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Why Is the Japanese Conviction Rate So High?

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  • Ramseyer, J Mark
  • Rasmusen, Eric B

Abstract

Conviction rates in Japan exceed 99 percent. Because Japanese judges can be penalized by a personnel office if they rule in ways the office dislikes, perhaps they face biased incentives to convict. Using data on the careers and opinions of 321 Japanese judges, we find that judges who acquit do have worse careers following the acquittal. On closer examination, though, we find that the punished judges are not those who acquit on the ground that the prosecutors charged the wrong person. Rather, they acquit for reasons of statutory or constitutional interpretation, often in politically charged cases. Thus, the apparent punishment seems unrelated to any pro-conviction bias at the judicial administrative offices. We suggest an alternative explanation: the high conviction rates reflect case selection and low prosecutorial budgets; understaffed prosecutors present judges with only the most obviously guilty defendants. Copyright 2001 by the University of Chicago.

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Bibliographic Info

Article provided by University of Chicago Press in its journal Journal of Legal Studies.

Volume (Year): 30 (2001)
Issue (Month): 1 (January)
Pages: 53-88

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Handle: RePEc:ucp:jlstud:v:30:y:2001:i:1:p:53-88

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Web page: http://www.journals.uchicago.edu/JLS/

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Cited by:
  1. repec:clg:wpaper:2009-05 is not listed on IDEAS
  2. Huang, Kuo-Chang & Chen, Kong-Pin & Lin, Chang-Ching, 2010. "Does the type of criminal defense counsel affect case outcomes?: A natural experiment in Taiwan," International Review of Law and Economics, Elsevier, vol. 30(2), pages 113-127, June.
  3. Steeve Mongrain & Joanne Roberts, 2007. "Plea Bargaining with Budgetary Constraints," Working Papers dp07-07, CRABE, Department of Economics, Simon Fraser University.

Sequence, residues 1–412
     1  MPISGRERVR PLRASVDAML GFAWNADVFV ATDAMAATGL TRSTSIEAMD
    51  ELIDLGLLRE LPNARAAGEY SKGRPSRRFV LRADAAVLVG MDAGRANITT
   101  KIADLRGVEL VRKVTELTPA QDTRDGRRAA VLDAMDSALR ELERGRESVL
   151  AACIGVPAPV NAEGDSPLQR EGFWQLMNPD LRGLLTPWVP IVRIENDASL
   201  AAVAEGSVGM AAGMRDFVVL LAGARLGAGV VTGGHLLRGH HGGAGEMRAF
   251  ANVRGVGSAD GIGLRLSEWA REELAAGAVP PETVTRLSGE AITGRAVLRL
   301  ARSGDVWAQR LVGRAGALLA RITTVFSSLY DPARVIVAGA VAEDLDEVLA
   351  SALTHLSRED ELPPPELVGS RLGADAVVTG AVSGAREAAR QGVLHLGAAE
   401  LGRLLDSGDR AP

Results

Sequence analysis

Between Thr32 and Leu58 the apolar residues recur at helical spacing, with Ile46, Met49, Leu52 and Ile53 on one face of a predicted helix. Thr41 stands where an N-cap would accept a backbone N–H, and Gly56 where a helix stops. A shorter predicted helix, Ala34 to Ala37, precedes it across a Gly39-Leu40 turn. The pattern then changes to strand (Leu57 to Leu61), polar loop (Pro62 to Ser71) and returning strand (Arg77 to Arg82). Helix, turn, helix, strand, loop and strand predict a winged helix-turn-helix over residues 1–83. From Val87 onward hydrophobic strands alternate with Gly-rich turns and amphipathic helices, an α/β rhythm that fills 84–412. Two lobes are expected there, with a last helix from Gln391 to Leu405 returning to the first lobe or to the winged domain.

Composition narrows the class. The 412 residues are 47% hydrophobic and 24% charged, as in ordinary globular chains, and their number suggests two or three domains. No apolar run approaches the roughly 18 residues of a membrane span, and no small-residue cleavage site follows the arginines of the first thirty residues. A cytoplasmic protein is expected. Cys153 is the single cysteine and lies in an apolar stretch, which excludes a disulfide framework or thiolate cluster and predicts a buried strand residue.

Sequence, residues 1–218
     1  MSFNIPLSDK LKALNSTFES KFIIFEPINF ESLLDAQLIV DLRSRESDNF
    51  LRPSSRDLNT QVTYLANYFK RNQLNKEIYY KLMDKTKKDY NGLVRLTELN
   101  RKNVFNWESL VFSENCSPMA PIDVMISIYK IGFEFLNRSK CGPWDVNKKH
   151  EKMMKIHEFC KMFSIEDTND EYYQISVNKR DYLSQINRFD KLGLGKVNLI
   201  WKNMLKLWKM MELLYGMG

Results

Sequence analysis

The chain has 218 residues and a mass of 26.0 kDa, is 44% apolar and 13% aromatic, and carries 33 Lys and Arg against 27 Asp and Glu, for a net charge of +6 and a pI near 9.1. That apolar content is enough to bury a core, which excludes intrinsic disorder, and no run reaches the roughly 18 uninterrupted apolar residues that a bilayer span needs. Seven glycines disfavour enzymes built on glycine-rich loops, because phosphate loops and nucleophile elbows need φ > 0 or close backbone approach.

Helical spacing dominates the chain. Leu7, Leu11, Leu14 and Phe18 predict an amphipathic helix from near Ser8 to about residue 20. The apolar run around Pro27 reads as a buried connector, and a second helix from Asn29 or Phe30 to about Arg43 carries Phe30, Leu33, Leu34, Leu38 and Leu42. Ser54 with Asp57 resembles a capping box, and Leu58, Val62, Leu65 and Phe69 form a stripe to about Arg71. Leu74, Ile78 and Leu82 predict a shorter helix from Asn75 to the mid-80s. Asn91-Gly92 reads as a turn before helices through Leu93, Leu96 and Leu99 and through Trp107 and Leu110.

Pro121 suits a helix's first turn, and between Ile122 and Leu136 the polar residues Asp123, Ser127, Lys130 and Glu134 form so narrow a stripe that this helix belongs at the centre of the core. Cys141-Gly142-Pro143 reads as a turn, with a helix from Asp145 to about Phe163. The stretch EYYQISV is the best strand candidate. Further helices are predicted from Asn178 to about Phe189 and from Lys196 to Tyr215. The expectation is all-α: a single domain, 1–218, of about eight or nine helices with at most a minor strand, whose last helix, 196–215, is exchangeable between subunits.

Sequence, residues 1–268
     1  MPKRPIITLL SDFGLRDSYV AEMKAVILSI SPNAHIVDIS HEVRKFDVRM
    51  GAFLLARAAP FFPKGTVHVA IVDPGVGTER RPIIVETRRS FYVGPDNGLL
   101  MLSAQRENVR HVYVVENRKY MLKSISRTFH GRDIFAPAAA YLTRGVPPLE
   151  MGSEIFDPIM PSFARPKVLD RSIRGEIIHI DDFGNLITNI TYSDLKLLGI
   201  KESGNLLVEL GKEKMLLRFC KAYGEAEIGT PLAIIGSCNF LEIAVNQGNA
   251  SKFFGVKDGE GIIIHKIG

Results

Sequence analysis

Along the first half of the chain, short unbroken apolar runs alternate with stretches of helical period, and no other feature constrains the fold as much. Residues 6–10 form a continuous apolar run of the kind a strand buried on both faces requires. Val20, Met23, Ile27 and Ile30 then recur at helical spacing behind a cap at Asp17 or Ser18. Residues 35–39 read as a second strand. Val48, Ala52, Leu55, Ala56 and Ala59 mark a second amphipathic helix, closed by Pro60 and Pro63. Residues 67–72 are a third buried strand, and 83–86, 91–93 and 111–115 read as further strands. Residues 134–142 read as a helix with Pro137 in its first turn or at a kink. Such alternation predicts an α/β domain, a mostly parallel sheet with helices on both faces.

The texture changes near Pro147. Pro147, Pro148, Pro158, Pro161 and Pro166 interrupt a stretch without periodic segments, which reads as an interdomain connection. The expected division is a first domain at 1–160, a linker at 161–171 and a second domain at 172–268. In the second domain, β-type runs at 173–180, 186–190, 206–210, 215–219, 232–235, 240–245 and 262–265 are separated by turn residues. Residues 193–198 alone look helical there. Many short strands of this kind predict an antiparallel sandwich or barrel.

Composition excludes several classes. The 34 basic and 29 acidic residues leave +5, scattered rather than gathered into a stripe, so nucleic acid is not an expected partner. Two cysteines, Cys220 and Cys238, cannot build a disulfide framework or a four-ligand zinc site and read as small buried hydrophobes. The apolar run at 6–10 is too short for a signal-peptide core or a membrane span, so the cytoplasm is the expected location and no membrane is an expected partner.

4. Mark Ramseyer, 2009. "Convictions versus Conviction Rates: The Prosecutor's Choice," American Law and Economics Review, Oxford University Press, vol. 11(1), pages 47-78.
  5. J. Mark Ramseyer & Eric B. Rasmusen, 2001. "When are Judges and Bureaucrats Left Independent? Theory and History from Imperial Japan, Postwar Japan, and the United States," CIRJE F-Series CIRJE-F-126, CIRJE, Faculty of Economics, University of Tokyo.
  6. Lars P. Feld & Stefan Voigt, 2004. "Making Judges Independent – Some Proposals Regarding the Judiciary," CESifo Working Paper Series 1260, CESifo Group Munich.
  7. Pushkar Maitra & Russell Smyth, 2004. "Judicial Independence, Judicial Promotion and the Enforcement of Legislative Wealth Transfers—An Empirical Study of the New Zealand High Court," European Journal of Law and Economics, Springer, vol. 17(2), pages 209-235, March.
  8. Padovano, Fabio & Fiorino, Nadia, 2012. "Strategic delegation and “judicial couples” in the Italian Constitutional Court," International Review of Law and Economics, Elsevier, vol. 32(2), pages 215-223.
  9. Manu Raghav, 2006. "Why do budgets received by state prosecutors vary across districts in the United States?," Caepr Working Papers 2006-018, Center for Applied Economics and Policy Research, Economics Department, Indiana University Bloomington.
  10. Martin Schneider, 2005. "Judicial Career Incentives and Court Performance: An Empirical Study of the German Labour Courts of Appeal," European Journal of Law and Economics, Springer, vol. 20(2), pages 127-144, September.

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